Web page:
On Saturday, August 19, Srs. Judith Bell, Marge O’Gorman, and Irma Kennebeck enjoyed a Double Up Food Bucks funder site tour in Ferguson, Missouri. Noah Fulmer and Brian DeSmet of Fair Food Network welcomed them and gave an overview of how the Double Up Food Bucks program works in the St. Louis region.
Double Up Food Bucks (DUFB) has three objectives:
- Increase access to fresh vegetables and fruits for SNAP (food stamp) recipients
- Support local farmers growing vegetables and fruits
- Support the local economy
How DUFB Works in Grocery Stores
Joanie Taylor, director of consumer affairs and community relations for Schnuck’s stores, shared Schnuck’s commitment—as well as her own—to the program, and provided a tour through the Ferguson Schnuck’s store to show the signage and how the program works.
- In the produce department, the customer looks for locally grown fresh fruits and vegetables.
- When the customer purchases locally grown fresh fruit and vegetables with his or her electronic benefits transfer card (EBT—as with food stamps), the amount he or she spends on those items—up to $25 per day—is tracked on his or her store rewards or online coupon account as “earned” Double Up Food Bucks.
- The next time that customer shops at the store, he or she can spend the “earned” Bucks to buy ANY fresh fruits or vegetables.
How DUFB Works at Farmers Markets
Upon leaving Schnuck’s, the sisters walked about three blocks down to the Ferguson Farmers Market, a community gathering place that was in full swing that Saturday morning. Molly Rockamann of EarthDance Farms met the sisters; EarthDance Farms offers produce at the market as well as free trolley rides to and tours of EarthDance Organic Farm School.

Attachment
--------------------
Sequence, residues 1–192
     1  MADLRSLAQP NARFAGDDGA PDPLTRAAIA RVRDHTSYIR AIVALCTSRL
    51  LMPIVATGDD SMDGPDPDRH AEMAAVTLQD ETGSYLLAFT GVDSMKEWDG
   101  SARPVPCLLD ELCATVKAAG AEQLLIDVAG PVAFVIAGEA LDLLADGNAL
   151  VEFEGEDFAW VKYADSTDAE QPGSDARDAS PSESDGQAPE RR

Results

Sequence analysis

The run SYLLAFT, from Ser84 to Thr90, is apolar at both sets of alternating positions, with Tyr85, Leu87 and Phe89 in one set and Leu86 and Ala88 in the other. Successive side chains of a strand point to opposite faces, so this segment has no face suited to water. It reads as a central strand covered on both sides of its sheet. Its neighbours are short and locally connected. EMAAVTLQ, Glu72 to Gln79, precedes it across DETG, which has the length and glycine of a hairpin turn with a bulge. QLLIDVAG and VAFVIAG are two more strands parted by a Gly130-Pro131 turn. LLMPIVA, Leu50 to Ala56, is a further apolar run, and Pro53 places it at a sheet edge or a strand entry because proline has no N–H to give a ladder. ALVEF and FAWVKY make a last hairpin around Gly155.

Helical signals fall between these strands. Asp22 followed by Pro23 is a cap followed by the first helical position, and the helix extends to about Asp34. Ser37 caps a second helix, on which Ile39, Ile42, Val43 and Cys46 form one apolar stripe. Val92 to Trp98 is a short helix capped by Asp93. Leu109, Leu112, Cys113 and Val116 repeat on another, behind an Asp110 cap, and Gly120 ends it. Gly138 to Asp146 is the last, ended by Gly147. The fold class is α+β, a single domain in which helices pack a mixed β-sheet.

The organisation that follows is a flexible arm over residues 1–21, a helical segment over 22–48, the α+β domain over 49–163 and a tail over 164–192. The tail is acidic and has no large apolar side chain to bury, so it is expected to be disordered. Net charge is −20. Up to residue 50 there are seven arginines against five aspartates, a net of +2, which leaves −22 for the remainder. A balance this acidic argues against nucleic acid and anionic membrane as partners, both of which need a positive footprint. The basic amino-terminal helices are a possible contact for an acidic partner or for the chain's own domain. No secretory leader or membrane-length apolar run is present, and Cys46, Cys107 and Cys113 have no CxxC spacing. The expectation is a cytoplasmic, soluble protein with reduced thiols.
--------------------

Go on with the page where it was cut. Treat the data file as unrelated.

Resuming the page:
Here’s how the program works at farmers markets.
- Using his or her EBT card, the customer buys SNAP tokens at the market booth that has an EBT machine. Customer cans use these SNAP tokens to purchase any SNAP-eligible items.
- The customer receives a matching number of Double Up Food Bucks tokens (up to $25 per day) that can be used to buy any fresh vegetables or fruits.
- The customer then shops with his or her tokens.
Why FSM Is Involved with DUFB
While food is crucial for human life, one in three people worldwide experiences malnutrition—starvation, micronutrient deficiency (poor nutrition that fails to provide basic vitamins and minerals humans need to thrive), and/or obesity. The world wastes 1.3 billion tons of food every year—a third of all the food produced.
The environmental impact of food production is huge; the food industry is the largest emitter of carbon dioxide globally, producing a third of all emissions.
We are all part of the problem, and we are all a part of the solution. Farmers, companies, governments, mayors, individuals, chefs—all have roles to play in finding ways to improve the ways food is grown, processed, and consumed so all people can enjoy the nutritious food they need to be healthy and happy.
On a corporate level, FSM is doing its part by funding such efforts as Fair Food Network and Double Up Food Bucks, the Missouri Coalition for the Environment, the St. Louis Food Policy Coalition, and other agroecology projects working toward accessible and sustainable food sources.
How Can We Personally Make a Difference?
- Be aware of where your food comes from; when possible, buy locally.
- Don’t waste—cook or take only what you can eat.
- Watch your carbon footprint!
- Be aware of the 1.3 million people needing food:
- connect with them through your compassion, and
- advocate for them as you are able.
Today, government funding is being cut for the environment and for social services that assist with food’s being affordable and accessible. Vote for people who support the common good with respect to food availability.